Imagine what it would be like if the automotive industry could bring the Tron Legacy concept to life. We may be decades far from that, or not. The dawn of additive manufacturing is a threshold of amazing feats by the automotive industry, starting with integration of automotive prototyping in manufacturing of cars.
Bringing 3D printing into the manufacturing process is a phase that you will come to reckon. More so considering how automakers are jumpy over it to counter innovation from their competitors. It begs the question; can automotive prototyping revolutionize the automotive industry?
Additive manufacturing in automotive prototyping
There would be no 3D printing without additive manufacturing playing a role in this frame. Additive Manufacturing adds layer-upon-layer of material to build 3D projects. You may be hearing about AM now, but its stay with us for the past decade has shaped manufacturing processes and transformed design.
Additive manufacturing works fluently with plastic, concrete and metal and brings forth new customizable material. It short lead-time has prompted CNC machining to incorporate automotive prototyping into the automotive industry.
Stemming 3D printing out of additive manufacturing to revolutionize the automotive industry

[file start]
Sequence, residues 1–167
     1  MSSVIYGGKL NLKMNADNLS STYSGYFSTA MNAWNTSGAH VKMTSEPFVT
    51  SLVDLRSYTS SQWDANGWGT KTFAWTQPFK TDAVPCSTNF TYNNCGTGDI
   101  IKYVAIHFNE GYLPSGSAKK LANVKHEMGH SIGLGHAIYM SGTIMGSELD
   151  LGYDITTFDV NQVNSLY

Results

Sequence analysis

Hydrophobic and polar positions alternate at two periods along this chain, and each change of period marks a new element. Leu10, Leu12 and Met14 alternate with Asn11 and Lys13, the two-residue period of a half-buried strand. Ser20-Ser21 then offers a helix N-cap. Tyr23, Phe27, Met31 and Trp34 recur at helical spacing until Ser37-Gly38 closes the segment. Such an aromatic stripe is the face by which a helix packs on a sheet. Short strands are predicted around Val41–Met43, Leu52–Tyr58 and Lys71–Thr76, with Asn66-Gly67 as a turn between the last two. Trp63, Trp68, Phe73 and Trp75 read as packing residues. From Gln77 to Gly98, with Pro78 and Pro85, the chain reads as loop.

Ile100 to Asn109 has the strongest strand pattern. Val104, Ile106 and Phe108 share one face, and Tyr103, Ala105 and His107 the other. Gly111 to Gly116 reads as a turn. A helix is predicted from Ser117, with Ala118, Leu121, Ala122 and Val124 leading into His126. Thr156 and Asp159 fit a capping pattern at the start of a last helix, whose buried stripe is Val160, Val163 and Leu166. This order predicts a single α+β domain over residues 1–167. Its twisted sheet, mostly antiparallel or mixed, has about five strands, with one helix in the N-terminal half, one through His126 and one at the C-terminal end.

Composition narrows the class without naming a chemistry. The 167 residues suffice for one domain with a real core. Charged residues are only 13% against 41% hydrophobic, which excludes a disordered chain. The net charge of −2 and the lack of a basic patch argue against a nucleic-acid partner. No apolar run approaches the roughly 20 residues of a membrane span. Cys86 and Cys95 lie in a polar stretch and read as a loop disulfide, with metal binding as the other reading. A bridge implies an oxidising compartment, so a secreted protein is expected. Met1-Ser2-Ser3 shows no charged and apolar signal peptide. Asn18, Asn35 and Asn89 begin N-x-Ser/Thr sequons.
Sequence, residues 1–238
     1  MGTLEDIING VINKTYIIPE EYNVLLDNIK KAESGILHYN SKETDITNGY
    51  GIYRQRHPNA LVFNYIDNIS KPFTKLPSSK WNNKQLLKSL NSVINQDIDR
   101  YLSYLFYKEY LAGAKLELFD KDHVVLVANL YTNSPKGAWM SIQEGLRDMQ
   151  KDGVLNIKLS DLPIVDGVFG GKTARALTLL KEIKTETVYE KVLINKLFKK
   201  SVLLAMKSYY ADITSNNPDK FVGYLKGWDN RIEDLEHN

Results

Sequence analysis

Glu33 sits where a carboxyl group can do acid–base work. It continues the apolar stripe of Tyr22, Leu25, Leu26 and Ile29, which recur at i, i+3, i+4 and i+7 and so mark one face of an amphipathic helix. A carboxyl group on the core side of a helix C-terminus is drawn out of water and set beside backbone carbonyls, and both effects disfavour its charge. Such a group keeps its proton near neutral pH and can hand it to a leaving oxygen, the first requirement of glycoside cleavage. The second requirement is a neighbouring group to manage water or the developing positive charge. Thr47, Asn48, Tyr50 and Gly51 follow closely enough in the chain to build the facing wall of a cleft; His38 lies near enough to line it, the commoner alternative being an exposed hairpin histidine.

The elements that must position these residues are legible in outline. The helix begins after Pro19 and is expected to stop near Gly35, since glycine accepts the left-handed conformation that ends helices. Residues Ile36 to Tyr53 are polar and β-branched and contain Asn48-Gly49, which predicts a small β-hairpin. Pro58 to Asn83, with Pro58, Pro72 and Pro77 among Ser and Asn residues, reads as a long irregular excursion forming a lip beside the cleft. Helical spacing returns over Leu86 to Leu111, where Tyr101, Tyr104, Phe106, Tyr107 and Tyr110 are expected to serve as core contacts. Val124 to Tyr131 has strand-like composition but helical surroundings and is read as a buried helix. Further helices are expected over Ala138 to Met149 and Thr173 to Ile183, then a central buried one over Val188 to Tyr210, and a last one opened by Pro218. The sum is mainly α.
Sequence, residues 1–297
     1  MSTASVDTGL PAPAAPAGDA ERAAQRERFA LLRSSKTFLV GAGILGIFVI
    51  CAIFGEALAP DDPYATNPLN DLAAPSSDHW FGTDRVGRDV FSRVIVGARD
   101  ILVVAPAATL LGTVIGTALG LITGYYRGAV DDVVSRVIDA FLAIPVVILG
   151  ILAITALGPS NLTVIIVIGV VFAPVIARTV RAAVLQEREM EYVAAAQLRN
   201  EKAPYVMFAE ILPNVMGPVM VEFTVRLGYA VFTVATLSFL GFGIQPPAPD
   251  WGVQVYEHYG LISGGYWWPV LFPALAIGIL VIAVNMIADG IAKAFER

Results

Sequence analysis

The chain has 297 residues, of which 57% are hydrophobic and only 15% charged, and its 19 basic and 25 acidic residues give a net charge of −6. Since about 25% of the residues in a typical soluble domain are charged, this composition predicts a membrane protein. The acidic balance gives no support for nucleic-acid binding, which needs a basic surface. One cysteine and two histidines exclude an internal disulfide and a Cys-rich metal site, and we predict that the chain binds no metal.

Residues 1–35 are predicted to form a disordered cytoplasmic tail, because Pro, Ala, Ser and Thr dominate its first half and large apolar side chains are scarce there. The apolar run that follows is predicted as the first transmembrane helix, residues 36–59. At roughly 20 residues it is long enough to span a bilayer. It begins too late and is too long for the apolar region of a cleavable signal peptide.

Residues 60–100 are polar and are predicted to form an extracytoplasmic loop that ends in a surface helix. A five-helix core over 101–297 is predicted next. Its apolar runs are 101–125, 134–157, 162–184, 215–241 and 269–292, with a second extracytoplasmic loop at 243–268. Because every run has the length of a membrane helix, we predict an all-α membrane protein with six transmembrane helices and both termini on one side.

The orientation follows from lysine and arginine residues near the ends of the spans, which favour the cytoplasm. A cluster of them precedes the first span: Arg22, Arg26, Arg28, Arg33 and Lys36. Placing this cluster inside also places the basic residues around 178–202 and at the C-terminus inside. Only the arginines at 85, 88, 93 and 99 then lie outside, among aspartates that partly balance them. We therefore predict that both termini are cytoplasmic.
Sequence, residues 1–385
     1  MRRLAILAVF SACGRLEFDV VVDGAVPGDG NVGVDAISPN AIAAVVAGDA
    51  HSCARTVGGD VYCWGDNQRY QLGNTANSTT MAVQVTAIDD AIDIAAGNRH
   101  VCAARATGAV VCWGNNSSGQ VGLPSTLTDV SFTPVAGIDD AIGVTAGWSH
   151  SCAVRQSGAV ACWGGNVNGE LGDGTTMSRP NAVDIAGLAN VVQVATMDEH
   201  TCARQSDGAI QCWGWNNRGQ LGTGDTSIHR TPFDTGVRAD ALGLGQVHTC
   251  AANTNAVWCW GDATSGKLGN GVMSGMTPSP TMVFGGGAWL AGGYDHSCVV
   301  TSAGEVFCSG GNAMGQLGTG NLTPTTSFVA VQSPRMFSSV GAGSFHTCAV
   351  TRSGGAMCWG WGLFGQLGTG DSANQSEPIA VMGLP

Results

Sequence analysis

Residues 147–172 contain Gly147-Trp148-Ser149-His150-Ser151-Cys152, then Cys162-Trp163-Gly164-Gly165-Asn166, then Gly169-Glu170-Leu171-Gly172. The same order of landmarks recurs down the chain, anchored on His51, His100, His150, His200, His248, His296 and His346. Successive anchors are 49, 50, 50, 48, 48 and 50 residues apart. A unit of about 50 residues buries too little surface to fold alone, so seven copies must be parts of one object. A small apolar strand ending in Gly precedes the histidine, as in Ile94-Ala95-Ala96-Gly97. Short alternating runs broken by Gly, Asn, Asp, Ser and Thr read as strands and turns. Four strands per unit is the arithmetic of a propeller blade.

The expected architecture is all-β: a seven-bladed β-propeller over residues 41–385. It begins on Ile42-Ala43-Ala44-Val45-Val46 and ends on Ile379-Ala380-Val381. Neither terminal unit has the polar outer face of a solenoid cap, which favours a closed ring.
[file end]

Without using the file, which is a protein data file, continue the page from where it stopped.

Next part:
The integration of 3D printing in the automotive industry is a well-informed investment. It has tabled differentiation in two ways:
- It has transformed the supply chain and cutting costs.
- It allows for faster product design and innovation.
3D Printing has been mainly used for rapid prototyping and it stemming out from additive manufacturing has been a profitable venture for vehicle manufacturers. Since its incorporation into the manufacturing process, additive manufacturing technology has created headways for numerous 3D applications.
If you own a supercar or you are a Formula 1 enthusiast, you owe a lot of gratitude to additive manufacturing. Formula 1 teams and supercars have made extensive use of 3D printing technology, which has cleverly stemmed out of Additive Manufacturing.
How 3D printing has reshaped Formula 1 and supercars
If you are an ardent fan of F1 and you never miss the races, you should connect to the adjustment window in F1 races. Formula 1 cars need adjustments therefore parts have to be produced on demand. This is where additive manufacturing and 3D printing come in.
Additive technology allows F1 teams to build adjustment parts faster, stronger, and lighter. On a normal manufacturing day, it would have cost you a lot of cash to manufacture race ready parts. The flare of 3D printing makes it possible to produce these parts in a matter of hours.
3D printing in the F1 yard is the advantage you have over the previously arduous manufacturing process. F1 teams have made the most out of 3D printing, using it to print aerodynamic and repair parts that have been used to up the F1 game.
3D printing has spawned amazing bodywork. A good example you can relate to is the Abarth used by Galantis for one of their music videos. It transforms from a lack-luster skin to a shade of black and white. This bodywork concept is 3D printing at work and it doesn’t stop there.
F1 teams have further used it to generate rear wings and for gearbox assemblies. Far from that; enter Supercars. Supercars have gained major prowess in the automotive industry, stealing major limelight from the likes of Rolls Royce and Cadillac. You will soon learn a close affiliation with additive manufacturing is what places supercars the apex ride.